Death Valley Before the Storm, 1: Desert and Distance

Feb. 22, 2020


This magic thing happens when you drive due east from Portland: after sixty miles of deep wooded gorge, you crest a minor knoll of oak savannah and suddenly appear in the middle of a desert.

We crest the knoll at sunrise, then speed bleary-eyed south, down through newly green grassland and the last outposts of civilization in central Oregon to the vast basin and range of the Blue and Steens Mountains. No cars for an hour. Antelope and American flags.

Then the Nevada border, small-town brothels, and highways where even the trucks do 90. Krista puts on an old Art Bell era episode of Coast to Coast, and it feels like the scenery’s natural sound.



We stop for the night in Fallon, a hard luck old town that seems to get by on folks stopping for the night, and on the nearby Naval installation. Old men that smell of stale beer smoke cigarettes outside the empty casino. A pile of dirty blankets and bottles wait in the bushes outside the truckstop.

Feb. 23, 2020


We wake early and run to the store to pick up a few last things before driving back into the great nothing.

The woman in front of me in line—an elderly woman of color with a cane and deep, coughing laugh—is having trouble. The ground beef she’s buying is supposed to be two for five dollars, but that’s only with one of those store loyalty cards and she doesn’t have one. And she needs the deal: she’s out of credit on her foodstamp card, and can’t afford full price. The cashier—a white woman about her age, but without the laugh or cough or cane—is being surreally, almost aggressively, unhelpful.

I ask the woman in front if she wants to use my card, and she does, but seems embarrassed. She calls me honey and touches me on the shoulder. I ask what she’s making. She blushes about a casserole.

As she walks away, the cashier rolls her eyes at me, and mutters an ugly racial word. I pretend I don’t hear.

Outside, back at the truckstop, I try to hold the door for a man about my age, but he laconically gestures Krista to go first. He does something halfway between wink and bare his teeth. “Ladies first.”

The scenery’s so huge here, but I feel claustrophobic.


Outside town, the tiny houses and big flags fade to rolling hills and otherworldly plains.

Somewhere to the right, the Navy let off a nuclear bomb in the 60s, but never bothered gating the site because there weren’t enough people around for it to be an issue. In the 80s, Life Magazine called this “the loneliest road in America.” They meant it as an insult; Nevada took it with pride and officially adopted the name.


Here and there, unsigned attractions stand in the bright winter sun, like well-lit exhibits in some retrospective museum of America: thousands of shoes in a tree; a grave from the Pony Express days, now covered in sun-bleached beer cans.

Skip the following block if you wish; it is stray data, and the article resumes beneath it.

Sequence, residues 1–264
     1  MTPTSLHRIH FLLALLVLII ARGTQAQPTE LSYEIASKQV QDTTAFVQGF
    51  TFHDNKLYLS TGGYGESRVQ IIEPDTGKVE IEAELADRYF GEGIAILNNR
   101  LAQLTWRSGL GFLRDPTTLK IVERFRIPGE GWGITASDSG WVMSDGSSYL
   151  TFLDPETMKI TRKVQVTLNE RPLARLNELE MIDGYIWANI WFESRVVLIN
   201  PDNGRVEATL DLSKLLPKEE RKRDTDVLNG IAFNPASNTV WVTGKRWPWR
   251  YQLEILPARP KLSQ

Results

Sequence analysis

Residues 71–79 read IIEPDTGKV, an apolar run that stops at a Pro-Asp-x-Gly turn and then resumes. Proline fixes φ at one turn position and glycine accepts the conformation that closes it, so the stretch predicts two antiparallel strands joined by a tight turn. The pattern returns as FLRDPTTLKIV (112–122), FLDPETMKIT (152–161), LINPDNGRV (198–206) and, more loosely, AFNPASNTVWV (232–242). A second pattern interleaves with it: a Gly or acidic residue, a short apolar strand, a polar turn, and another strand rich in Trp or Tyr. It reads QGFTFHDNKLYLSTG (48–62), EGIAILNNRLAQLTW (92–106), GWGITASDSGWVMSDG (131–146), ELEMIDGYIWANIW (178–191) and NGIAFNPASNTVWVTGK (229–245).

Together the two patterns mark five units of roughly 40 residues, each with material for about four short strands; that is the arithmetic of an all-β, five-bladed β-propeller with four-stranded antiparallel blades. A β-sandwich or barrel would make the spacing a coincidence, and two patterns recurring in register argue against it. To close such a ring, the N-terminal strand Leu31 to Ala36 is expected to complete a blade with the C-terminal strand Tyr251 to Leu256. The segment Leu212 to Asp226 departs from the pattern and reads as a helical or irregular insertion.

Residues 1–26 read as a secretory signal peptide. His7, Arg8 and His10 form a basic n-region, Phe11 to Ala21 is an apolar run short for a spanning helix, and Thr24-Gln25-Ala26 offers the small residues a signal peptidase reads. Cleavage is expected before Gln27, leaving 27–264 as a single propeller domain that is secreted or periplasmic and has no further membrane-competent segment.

More Art Bell. They’re talking about UFOs and God. About how angels are just aliens we don’t have the minds to understand.

There’s a cavalcade of calls: strange stories and theories from boys and men—some slurring, some clearly reading from carefully prepared notes. Bell is unfailingly kind to all of them: people call with these crazy ideas, and he just listens carefully, offering encouragement or empathy but almost never judgment.

One gets the sense that, far from being alien aficionados, a lot of his callers were just a little lonely, maybe isolated out in the middle of nowhere—on side streets off the loneliest road in America—and eager for a familiar voice, maybe someone to talk to on a Saturday night.


I think of what the desert and distance do to people.

In Bell’s kindness I hear a mirror of that white woman in Fallon. Bell spent the last years of his life struggling: struggling with stalkers, money, addiction. But he also spent those years on the air, broadcasting from the desert, listening kindly to others in the same place, reaching out to each other over the rolling hills.

Fallon’s been shrinking for decades. They put it on the National Registry of Historic Places last year, but only because it’s become history: it is defined by the past, not the future. On the scale of decades or centuries, it has already disappeared.

The white woman at the supermarket raged against that disappearance by digging deeper into herself—her race, maybe her class—as if to affirm her own existence against the coming nothing. But Bell proved there was a different path, one that raged against the coming dark by lighting lanterns with and for others in the same desert. Maybe the aliens will see, come down from heaven to help.


The radio rattles into an old station, broadcast from the center of an abandoned town at the foot of the Montezuma Range. Dust bowl blues, chanties about mining dirt and dreaming of gold.



Then still more desert, the last hundred miles before Death Valley.


There’s a crowded tourist trap on the east side of the park, Bermuda shorts and crying babies, then the unthinkable expanse of the Funeral Mountains: Hell’s Gate, Mud Canyon, and finally Furnace Creek, our home for the night.

Our place is a charmingly hardscrabble campground cut into the desert. Our neighbor looks exactly like my dad, and, like my dad, eats from an elderly set of dishes probably older than me. We watch him set up his telescope in the sunset, train it straight up at the Milky Way, and stare at the angels and aliens.

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